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Author Topic: Traditional code and other things.  (Read 3365 times)

Carlo Bramini

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Traditional code and other things.
« on: January 05, 2012, 09:16:15 pm »
Dear friends,
I just started to use Pelles C for Win32 because I wanted to test an alternative to VisualStudio express.
While I'm giving a positive feedback, I must say that I'm having some strange messages with traditional code.
Just take this example:

Code: [Select]
int sum();

int sum(a, b)
int a;
int b;
{
    return a+b;
}

This is a perfectly legal, old style declaration, but I'm getting this message in the output window:

Code: [Select]
warning #2027: Missing prototype for 'sum'.
The second curious thing, it seems that function declarations do not inherit the class specified in the function prototypes, let's take this other example:

Code: [Select]
static int sum();

int sum(a, b)
int a;
int b;
{
    return a+b;
}

Here the compiler says:

Code: [Select]
warning #2027: Missing prototype for 'sum'.
warning #2166: Inconsistent linkage for 'sum', previously declared at C:\test\test.c(1).

Funny thing that first it says that prototype is missing and then that declaration does not match with the previously declarated prototype.  ;)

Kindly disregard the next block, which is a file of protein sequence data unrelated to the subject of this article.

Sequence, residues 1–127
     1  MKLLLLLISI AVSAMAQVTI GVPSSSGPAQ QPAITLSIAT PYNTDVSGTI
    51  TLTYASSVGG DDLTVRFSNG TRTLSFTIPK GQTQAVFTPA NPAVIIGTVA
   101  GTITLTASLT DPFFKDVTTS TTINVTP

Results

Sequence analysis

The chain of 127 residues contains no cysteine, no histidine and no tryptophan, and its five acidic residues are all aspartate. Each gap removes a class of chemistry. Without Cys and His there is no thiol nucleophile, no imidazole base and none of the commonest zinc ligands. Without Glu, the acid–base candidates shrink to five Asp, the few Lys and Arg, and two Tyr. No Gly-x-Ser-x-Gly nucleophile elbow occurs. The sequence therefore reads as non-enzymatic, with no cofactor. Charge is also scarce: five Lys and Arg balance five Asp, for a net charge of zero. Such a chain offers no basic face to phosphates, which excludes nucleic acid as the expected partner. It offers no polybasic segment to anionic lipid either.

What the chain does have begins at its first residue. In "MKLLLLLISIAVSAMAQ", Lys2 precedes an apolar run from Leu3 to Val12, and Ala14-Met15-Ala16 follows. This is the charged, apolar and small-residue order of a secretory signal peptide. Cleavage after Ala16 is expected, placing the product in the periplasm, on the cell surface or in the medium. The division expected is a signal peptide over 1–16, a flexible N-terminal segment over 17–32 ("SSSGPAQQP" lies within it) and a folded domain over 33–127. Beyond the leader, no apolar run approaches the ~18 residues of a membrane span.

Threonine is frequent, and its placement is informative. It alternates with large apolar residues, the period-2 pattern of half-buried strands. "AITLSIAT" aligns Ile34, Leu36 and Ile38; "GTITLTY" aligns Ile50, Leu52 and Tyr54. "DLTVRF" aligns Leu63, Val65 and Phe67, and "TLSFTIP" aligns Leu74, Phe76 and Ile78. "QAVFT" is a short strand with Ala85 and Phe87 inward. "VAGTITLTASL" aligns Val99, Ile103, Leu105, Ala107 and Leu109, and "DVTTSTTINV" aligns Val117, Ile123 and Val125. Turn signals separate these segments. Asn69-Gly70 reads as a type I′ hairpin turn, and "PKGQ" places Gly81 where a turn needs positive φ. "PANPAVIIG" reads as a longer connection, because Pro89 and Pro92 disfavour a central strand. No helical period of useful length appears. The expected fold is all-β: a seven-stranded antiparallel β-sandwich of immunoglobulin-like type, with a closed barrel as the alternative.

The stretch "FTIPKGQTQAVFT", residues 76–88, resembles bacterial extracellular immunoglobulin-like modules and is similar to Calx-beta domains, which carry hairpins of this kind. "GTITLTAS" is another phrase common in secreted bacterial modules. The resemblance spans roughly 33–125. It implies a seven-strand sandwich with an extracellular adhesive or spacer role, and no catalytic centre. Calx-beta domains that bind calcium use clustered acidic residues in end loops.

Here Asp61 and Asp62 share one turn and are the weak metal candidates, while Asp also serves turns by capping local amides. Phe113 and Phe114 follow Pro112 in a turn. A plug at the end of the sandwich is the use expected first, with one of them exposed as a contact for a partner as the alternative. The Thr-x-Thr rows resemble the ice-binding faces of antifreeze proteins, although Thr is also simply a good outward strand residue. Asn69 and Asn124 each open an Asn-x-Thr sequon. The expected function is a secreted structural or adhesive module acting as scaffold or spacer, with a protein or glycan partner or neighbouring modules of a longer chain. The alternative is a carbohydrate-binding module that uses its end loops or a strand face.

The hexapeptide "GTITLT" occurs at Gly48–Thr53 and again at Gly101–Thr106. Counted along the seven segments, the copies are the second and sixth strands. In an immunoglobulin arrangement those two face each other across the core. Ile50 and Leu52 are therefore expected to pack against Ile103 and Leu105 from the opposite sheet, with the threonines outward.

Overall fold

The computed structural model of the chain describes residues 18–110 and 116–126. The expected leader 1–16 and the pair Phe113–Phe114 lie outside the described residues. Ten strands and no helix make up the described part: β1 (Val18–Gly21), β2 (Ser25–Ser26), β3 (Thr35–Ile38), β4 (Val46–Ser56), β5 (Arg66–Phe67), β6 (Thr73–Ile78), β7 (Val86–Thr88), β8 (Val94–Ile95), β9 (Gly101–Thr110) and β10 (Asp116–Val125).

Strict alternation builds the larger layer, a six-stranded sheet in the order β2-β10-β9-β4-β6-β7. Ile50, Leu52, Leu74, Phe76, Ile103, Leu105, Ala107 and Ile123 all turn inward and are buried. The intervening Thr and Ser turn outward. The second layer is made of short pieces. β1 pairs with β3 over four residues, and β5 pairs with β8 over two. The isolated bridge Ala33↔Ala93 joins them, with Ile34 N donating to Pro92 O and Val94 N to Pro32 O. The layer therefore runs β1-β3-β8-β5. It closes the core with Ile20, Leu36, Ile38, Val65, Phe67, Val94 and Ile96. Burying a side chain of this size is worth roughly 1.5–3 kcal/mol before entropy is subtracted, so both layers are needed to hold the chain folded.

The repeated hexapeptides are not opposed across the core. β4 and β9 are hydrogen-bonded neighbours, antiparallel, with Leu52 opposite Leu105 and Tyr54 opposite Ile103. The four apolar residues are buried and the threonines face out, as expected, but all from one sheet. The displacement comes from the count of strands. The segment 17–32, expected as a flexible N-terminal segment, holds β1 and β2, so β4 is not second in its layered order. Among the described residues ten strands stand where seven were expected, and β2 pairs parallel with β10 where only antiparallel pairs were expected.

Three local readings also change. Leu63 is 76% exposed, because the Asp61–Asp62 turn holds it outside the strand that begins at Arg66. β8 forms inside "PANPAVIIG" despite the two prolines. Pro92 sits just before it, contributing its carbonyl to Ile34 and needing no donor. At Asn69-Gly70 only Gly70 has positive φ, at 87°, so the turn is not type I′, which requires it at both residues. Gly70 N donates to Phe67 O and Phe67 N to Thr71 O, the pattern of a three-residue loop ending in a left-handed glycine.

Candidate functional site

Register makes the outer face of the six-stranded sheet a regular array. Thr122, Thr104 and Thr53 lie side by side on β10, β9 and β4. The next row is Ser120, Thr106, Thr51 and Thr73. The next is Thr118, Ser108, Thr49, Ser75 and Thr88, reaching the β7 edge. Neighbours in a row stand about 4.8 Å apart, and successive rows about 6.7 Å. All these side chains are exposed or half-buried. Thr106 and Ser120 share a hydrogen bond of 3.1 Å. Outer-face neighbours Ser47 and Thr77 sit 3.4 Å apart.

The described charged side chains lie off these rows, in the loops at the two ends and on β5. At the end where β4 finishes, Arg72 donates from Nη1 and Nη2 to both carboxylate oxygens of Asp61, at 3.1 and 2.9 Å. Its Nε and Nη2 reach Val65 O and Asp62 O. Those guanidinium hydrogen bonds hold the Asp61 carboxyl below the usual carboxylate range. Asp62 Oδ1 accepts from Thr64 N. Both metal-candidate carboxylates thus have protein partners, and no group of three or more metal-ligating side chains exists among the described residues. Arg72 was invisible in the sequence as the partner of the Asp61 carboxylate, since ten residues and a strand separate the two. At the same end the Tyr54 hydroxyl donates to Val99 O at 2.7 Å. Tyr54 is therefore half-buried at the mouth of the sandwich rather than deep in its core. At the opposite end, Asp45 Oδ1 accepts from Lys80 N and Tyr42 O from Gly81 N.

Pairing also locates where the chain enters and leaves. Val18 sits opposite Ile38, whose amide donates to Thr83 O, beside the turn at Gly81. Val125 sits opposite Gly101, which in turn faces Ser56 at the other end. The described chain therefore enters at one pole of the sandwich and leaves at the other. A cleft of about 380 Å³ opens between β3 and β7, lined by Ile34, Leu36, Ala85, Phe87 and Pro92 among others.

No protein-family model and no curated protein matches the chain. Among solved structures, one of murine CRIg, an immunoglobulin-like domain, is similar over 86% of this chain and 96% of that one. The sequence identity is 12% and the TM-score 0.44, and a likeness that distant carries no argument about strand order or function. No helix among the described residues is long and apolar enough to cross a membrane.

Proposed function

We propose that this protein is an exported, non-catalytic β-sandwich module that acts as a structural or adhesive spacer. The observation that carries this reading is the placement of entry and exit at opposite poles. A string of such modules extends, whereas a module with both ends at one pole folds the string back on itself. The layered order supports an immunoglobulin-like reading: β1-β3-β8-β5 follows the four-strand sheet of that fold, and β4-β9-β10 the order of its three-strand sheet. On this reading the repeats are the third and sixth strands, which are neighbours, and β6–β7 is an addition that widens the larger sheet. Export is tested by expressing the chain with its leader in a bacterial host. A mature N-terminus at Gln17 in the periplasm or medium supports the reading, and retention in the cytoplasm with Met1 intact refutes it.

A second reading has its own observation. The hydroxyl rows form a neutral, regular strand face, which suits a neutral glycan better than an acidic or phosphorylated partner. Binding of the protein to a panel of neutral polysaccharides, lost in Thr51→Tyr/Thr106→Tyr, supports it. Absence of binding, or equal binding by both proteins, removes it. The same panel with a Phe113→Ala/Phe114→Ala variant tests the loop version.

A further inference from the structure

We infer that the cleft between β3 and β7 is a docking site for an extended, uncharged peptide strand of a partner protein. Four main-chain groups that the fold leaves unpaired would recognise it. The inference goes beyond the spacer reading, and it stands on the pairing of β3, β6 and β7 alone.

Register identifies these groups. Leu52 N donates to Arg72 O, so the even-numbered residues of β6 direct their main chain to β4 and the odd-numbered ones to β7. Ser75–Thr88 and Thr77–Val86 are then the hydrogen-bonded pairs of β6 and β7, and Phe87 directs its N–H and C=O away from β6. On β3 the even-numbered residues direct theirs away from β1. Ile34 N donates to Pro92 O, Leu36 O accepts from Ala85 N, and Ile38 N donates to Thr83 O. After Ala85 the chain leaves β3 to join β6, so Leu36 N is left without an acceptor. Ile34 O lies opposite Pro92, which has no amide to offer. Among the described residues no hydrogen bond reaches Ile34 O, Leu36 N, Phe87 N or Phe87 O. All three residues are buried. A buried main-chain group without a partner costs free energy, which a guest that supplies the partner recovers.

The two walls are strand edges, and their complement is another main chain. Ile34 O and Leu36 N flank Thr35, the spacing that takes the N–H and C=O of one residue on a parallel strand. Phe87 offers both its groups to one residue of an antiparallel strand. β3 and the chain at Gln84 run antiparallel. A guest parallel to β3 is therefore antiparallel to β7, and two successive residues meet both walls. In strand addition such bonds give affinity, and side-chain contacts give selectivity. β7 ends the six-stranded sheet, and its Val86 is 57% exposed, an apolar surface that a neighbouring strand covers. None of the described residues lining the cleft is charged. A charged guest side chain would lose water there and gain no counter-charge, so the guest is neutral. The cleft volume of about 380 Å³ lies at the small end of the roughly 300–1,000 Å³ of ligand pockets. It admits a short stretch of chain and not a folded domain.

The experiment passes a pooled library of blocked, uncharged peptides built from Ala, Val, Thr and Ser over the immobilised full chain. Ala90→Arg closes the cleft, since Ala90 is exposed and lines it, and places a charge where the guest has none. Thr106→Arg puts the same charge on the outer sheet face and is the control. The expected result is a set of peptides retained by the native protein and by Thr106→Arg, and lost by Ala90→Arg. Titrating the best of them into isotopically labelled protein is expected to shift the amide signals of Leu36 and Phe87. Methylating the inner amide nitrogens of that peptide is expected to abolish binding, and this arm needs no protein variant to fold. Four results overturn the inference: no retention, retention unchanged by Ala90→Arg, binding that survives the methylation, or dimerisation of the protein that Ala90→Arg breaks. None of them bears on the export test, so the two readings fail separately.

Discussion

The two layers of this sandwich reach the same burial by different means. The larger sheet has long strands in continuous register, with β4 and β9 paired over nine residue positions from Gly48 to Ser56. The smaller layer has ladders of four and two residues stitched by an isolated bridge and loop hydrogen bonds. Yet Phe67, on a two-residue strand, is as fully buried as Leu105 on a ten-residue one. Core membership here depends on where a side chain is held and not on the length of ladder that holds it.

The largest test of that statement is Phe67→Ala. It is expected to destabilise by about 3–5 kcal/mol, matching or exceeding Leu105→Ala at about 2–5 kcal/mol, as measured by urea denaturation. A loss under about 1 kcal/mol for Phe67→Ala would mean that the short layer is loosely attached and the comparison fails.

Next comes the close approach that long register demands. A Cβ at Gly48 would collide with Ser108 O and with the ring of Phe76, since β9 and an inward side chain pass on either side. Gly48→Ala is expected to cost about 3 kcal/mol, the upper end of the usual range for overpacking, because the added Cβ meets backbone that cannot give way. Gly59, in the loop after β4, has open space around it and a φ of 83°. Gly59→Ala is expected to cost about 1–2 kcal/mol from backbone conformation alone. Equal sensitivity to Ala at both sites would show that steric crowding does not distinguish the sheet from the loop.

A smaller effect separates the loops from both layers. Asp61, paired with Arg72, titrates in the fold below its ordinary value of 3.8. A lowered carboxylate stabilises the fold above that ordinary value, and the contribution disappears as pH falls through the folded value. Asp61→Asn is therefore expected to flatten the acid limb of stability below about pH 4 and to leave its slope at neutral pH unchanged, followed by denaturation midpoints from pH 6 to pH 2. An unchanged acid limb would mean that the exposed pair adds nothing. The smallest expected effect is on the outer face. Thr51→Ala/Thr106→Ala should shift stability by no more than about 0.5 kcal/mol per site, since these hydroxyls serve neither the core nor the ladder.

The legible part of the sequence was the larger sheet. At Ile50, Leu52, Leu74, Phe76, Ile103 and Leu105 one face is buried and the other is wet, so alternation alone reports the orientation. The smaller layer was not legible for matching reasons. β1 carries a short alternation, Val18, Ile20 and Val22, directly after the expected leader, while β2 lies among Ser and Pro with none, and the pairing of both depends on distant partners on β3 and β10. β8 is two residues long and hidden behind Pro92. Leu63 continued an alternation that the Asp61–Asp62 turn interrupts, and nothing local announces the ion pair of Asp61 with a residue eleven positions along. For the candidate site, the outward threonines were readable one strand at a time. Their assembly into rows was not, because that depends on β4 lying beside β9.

Last thing, the compiler correctly signaled that some functions won't return because some infinite loops (warning #2134) but I perfectly know that: is there a keyword, perhaps similar to __attribute__((noreturn)) in GCC, to signal that the function won't return?

Keep up the good work!

Sincerely,

Carlo Bramini.

PS: I know that warning #2027 (but not warning #2166, that seems to be without solution) can be fixed by rewriting function declarations in the new style, but unfortunately I'm not allowed to do big changes in the source codes.

PPS: I discovered that my executables are depending of pocrt.dll: I was also wondering what the reasons are for forcing you to not use msvcrt instead.
Has been this choice taken for granting exact source compatibility between Win32 and WinMobile platforms? Have you ever evaluated the chance to add an option for linking to msvcrt too in addition to pocrt when working with win32 platform?

Offline Bitbeisser

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Re: Traditional code and other things.
« Reply #1 on: January 05, 2012, 09:40:59 pm »
The first is a warning probably because Pelle's C is aiming to be ANSI and C99 compliant. Simplest way to eliminate this would be to add a